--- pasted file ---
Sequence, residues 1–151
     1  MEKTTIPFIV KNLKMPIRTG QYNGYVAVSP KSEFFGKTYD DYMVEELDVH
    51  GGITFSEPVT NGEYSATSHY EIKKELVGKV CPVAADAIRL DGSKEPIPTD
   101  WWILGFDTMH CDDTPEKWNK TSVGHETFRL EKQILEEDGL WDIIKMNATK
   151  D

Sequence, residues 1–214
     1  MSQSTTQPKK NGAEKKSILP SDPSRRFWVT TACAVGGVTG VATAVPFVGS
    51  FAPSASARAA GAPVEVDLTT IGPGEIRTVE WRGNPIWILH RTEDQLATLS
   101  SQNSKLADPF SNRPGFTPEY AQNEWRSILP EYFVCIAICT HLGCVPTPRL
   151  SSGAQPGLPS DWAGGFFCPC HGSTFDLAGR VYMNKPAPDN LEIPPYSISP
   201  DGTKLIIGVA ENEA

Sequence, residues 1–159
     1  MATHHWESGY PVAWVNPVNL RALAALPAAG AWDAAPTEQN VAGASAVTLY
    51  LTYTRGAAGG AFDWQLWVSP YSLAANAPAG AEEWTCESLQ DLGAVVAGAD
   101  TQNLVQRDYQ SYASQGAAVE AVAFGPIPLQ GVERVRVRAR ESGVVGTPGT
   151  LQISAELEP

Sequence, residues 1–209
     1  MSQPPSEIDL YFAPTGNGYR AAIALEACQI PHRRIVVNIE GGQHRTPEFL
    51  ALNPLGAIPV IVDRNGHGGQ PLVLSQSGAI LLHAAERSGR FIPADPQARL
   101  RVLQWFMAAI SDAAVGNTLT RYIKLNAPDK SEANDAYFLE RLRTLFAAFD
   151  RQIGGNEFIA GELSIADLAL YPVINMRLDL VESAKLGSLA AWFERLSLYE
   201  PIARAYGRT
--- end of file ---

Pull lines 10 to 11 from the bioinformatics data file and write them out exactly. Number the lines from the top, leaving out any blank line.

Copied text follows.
   151  SSGAQPGLPS DWAGGFFCPC HGSTFDLAGR VYMNKPAPDN LEIPPYSISP
   201  DGTKLIIGVA ENEA